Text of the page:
The best analogy I could find to explain the function of thyroid hormone comes from an unlikely place: auto mechanics. Your car needs fuel to run; most cars use gasoline as their fuel. Gas gets burned in the engine, which ultimately turns the wheels of the car so you can drive to the petting zoo, or wherever else you want to go.

The speed of the car depends on how much gas is let in the engine to be burned. The more gas, the more the engine revs. The carburetor, or the fuel injectors, are the parts of the car that control the amount of gas going to the engine, telling the engine how high to rev.

In the same way, the body needs fuel for you to do things, like getting out of your car and petting the llamas. It also needs energy to keep the heart beating, the lungs breathing, and the spleen, well, spleening. The burning of energy to do all of these things is called the metabolism. Thyroid hormone is much like the carburetor. Low thyroid hormone levels make the body burn less energy, whereas high levels make the body burn more energy.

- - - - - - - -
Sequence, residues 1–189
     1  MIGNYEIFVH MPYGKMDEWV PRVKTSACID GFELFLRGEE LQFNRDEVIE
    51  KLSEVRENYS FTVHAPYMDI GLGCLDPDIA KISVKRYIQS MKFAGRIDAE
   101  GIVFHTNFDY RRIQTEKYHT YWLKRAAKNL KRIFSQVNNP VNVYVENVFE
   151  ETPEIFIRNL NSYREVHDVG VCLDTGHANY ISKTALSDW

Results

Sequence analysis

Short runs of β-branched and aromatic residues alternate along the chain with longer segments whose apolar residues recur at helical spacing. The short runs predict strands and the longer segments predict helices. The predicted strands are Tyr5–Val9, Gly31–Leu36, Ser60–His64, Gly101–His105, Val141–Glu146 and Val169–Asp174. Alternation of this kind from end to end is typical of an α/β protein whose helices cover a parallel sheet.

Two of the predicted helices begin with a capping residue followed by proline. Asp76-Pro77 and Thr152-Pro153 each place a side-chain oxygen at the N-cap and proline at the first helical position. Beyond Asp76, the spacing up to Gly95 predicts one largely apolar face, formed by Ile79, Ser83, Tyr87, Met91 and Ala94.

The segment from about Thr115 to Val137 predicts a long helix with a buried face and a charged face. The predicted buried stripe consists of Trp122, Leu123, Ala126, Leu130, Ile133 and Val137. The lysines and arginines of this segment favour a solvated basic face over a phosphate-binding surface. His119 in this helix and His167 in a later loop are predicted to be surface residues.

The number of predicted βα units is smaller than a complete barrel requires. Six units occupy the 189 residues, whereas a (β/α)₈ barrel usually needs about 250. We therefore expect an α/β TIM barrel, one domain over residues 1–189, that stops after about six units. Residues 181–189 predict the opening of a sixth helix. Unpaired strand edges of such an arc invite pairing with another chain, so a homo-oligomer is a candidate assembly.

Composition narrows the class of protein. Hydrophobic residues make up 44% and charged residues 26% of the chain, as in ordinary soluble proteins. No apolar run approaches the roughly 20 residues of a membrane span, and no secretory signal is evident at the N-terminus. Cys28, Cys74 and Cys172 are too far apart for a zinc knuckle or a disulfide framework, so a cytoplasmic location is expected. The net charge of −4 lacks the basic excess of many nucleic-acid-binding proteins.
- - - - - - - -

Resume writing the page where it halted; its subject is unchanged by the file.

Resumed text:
How Does the Thyroid Affect Metabolism?

That doesn’t mean that high thyroid levels help you run fast, but it does mean that people with overactive thyroid glands tend to have higher heart rates; their muscles shake, and they lose weight. This is called hyperthyroidism. People with under-active thyroid glands, on the other hand, have slower heart rates, are fatigued, and gain weight. That is called hypothyroidism. Children use much of their energy to grow, so children with hypothyroidism don’t grow well.

I am sure there are people out there thinking, “I sure wish I had hyperthyroidism so I could lose weight.” In fact, some doctors give extra thyroid hormone supplements to help people lose weight. That is a big mistake, as hyperthyroidism is actually more dangerous than hypothyroidism. Besides, what do you think the pituitary gland does when you take extra thyroid hormone? It lowers the TSH, which makes the thyroid gland put out less of its own hormones.

What are Thyroid Tests?